I had never used a 3D printer before this adventure. The project is for a graduate class I’m taking. I’ve come to realize the mini printed press will not make a perfect print but was hoping it could be used as sort of a proof press or just something to toy around with.

I saw that article about the 3D printed typeface before. Love it!!! That way my inspiration for this project.

I’m using a soft roller from a brayer on the mini press, could it be that a hard roller would work better for inking???

I did speak to people here in Amsterdam, who do a lot of 3D printing and in order to smoothen the surface of their printed objects, they place the objects in a closed receptacle together with a small glass bowl containing some acetone. The vapor of the acetone seems to smoothen the surface. Only to be tried in a well ventilated area of course…

We’ve been experimenting with this, here, too. We use sheets of PLA as a thin veneer, mounted onto ordinary 3/4” ply (double-sided interior/exterior carpet tape works for a quick mounting adhesive). The advantages are time in the 3D printer, reduced amount of filament used, and then—following AdLib’s point above—less plastic to compress. Our surfaces have always had some ‘noise’ as a result of the modeling software and the 3D printing process, but we’ve worked to incorporate these into the overall process.

@juss.design - have you tried printing the type upside down? that is, print the face directly onto the build plate as that will result in a smoother surface.

One thing to note about the A23D font. It has no “solid” surface for the face. It is made up of thin lines almost exclusively. I would say, considering the experience of the modelers, there has to have been a reason they did not design a solid face font for 3D printed type.

With that in mind, would it be possible use a filler and polish the face, or apply a coating like the shellac on wood type?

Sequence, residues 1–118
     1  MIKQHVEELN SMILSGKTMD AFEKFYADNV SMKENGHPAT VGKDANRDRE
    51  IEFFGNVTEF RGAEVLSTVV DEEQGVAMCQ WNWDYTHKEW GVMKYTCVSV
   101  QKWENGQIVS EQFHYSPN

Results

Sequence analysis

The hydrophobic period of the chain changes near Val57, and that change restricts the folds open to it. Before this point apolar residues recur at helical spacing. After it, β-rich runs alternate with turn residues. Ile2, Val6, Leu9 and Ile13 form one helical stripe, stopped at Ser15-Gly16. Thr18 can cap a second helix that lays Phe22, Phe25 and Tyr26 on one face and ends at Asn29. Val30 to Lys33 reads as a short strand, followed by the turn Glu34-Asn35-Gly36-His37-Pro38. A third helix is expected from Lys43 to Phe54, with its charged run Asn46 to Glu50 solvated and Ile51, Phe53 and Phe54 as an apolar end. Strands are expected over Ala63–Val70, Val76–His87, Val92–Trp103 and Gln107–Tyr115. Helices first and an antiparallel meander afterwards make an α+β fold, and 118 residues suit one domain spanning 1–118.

I’ve come into this discussion a bit late but maybe I can throw my two bits in.
I have produced large type with a CNC system in acrylic, as an alternative to large wooden type (mainly due to the scarcity and cost of wooden type here in Australia). I have always had clear impressions, either on an Arab platen or hand ink on a Wharfedale. On some of the letters I went over the top (inked) surface with the finest wet and dry paper I could get. The letters were cut out of 3mm acrylic sheet and then mounted on wood to type high.
I too am looking into trying 3D printing as I believe I could get really fine decorations and letters (something that is limited with CNC due to the size of the laser to cut the letters out). I like the idea of printing onto a flat sheet, not the whole block. I was wondering if some of those metal allow (usually aluminium) printers might produce a better finish/letter?

Have a look at this website www.printmypart.co.uk
At the British Printing Society convention this year back in April there were samples on show of this company’s 3d printed type and decoration, they looked really good.